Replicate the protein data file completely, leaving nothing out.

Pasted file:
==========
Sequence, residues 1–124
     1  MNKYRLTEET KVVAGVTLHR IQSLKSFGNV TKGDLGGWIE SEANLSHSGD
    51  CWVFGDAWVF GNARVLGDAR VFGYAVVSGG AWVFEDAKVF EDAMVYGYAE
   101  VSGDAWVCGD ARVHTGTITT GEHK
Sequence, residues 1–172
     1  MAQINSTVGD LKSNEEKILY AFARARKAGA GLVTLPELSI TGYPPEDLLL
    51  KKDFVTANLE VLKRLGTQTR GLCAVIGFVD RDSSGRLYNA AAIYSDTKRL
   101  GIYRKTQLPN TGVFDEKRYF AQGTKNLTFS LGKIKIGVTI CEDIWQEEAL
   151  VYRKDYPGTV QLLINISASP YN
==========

Sequence, residues 1–124
     1  MNKYRLTEET KVVAGVTLHR IQSLKSFGNV TKGDLGGWIE SEANLSHSGD
    51  CWVFGDAWVF GNARVLGDAR VFGYAVVSGG AWVFEDAKVF EDAMVYGYAE
   101  VSGDAWVCGD ARVHTGTITT GEHK
Sequence, residues 1–172
     1  MAQINSTVGD LKSNEEKILY AFARARKAGA GLVTLPELSI TGYPPEDLLL
    51  KKDFVTANLE VLKRLGTQTR GLCAVIGFVD RDSSGRLYNA AAIYSDTKRL
   101  GIYRKTQLPN TGVFDEKRYF AQGTKNLTFS LGKIKIGVTI CEDIWQEEAL
   151  VYRKDYPGTV QLLINISASP YN